Absinthe Makes The Heart Grow Fonder

I’m not sure how many people are familiar with absinthe. It’s not a very popular or common drink these days, especially since it was illegal to produce for most of the 20th century (the ban was lifted in recent years). For those of you who have never heard of it, I will explain.

Absinthe is a spirit made from the herbs anise, fennel and wormwood. It is usually green in color, altho there are clear versions. It has a bitter, black liquorice flavor due to the anise and fennel. It has a very high alcohol content, usually between 60% and 80%, and is diluted with water before drinking. The water is poured over a sugar cube to help combat the bitterness. It was originally created as a health elixir in Switzerland, but became very popular with the art and literary crowd in the 19th and early 20th centuries. It was nicknamed “The Green Fairy” and was considered an inspirational muse of sorts. Absinthe was thought to cause hallucinations and was blamed for many cases of insanity, death and violence.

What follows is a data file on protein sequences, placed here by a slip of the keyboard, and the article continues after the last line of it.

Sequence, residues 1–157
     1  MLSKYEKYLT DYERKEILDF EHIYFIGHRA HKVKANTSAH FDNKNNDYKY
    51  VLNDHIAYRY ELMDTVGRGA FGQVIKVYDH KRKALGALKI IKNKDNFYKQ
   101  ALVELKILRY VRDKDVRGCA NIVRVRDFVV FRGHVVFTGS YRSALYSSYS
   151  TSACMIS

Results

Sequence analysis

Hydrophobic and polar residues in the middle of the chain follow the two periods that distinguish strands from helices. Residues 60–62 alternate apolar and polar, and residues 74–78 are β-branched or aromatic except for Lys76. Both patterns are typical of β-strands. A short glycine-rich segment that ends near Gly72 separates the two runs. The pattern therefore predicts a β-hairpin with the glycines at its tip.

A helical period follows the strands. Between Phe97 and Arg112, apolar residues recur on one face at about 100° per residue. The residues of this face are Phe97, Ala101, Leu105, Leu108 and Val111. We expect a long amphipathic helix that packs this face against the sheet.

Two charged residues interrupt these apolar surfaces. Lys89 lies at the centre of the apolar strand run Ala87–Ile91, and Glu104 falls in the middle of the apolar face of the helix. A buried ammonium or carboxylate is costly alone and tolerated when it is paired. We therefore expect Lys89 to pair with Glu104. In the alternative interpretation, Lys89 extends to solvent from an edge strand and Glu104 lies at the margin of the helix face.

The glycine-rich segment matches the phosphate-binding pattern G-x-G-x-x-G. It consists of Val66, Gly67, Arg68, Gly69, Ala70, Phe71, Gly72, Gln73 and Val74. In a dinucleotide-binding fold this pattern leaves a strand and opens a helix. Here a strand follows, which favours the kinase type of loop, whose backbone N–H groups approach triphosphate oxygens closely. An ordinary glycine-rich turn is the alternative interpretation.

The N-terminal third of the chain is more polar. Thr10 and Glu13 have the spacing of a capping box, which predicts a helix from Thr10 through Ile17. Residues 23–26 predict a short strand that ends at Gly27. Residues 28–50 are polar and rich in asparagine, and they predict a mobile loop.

Being the big fan that I am of 19th and early 20th century literature, I was fairly familiar with it. I’ve read about it in books, seen it in period films, found information about it on the internet. A few years ago we were on vacation in Provincetown, at the tip of Cape Cod, and I saw it for sale in a liquor store. I very much wanted to try it, but it was expensive and not knowing if I would even like it, I didn’t want to risk spending the money. But, last weekend, we were out there for a weekend getaway, and at one of the restaurants we went to they had absinthe listed on their drink menu. As you can imagine I was thrilled. Not only as a fan of the time period, but as a writer, this is something I’ve waited years, decades even, to get a chance to try.